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Gen-Probe said this week that Health Canada has granted the company a medical device license for Panther, Gen-Probe's fully automated and integrated molecular testing platform.

Life Tech's 7500 Fast Dx and 3500 Dx Series Genetic Analyzer approved in Japan; Roche files Cobas CT/NG test with FDA.

The platform will combine immiscible phase filtration sample prep with automated amplification and detection, and is expected to have initial applications in point-of-care HIV testing in remote and resource-poor areas of the world. The company also sees the platform being used for decentralized molecular testing in more developed countries.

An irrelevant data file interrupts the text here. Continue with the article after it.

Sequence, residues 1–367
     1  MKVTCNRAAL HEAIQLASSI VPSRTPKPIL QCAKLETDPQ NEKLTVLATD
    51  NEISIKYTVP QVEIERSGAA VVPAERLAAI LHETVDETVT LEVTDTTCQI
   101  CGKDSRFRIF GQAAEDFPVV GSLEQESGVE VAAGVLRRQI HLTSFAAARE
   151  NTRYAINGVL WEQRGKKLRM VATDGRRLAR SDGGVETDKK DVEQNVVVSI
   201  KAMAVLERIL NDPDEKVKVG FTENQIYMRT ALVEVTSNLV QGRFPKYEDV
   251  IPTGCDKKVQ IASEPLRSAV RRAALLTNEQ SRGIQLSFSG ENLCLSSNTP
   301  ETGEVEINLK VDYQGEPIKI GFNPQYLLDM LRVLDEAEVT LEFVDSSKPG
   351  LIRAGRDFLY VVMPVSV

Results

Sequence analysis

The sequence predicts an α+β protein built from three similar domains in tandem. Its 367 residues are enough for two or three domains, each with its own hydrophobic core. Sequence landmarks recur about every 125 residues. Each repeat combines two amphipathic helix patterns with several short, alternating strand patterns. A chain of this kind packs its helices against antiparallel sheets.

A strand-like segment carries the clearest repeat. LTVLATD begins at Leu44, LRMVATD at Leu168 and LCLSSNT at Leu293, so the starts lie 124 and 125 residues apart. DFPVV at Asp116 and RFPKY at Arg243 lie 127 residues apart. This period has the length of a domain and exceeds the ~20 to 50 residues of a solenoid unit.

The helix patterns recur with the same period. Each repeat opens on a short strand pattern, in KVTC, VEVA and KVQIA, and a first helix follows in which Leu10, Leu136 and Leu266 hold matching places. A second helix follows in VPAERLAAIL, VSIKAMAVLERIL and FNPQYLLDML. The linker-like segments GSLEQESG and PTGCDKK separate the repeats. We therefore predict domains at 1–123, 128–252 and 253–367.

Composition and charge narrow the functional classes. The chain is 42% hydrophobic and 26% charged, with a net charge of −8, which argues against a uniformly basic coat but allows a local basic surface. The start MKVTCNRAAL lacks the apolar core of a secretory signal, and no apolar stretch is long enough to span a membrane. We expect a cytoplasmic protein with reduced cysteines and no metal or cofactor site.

As part of the deal, FIND will have rights to sell the HIV test, as well as Cepheid's Xpert chlamydia and gonorrhea tests, which will be sold at a discount to the public and the not-for-profit sector in some countries.

Gen-Probe just launched the Panther system in Europe with its initial menu focused on STD tests. The firm believes menu expansion will drive double-digit sales growth for years to come.

The platform will be based on isothermal amplification and its developers aim to cut the amount of time it takes to diagnose STDs to 15 minutes or less at the point of care.

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At a meeting this week, researchers and others discussed the regulatory oversight needed for germline genome editing.

The US Food and Drug Administration has asked questions about Myriad Genetics' GeneSight test, according to Bloomberg.

Researchers report that neutrophil extracellular traps appear to binds gallstones together, according to New Scientist.

In Science this week: approach to infer genotype-by-environment interaction from genetic variants associated with phenotypic variability, and more.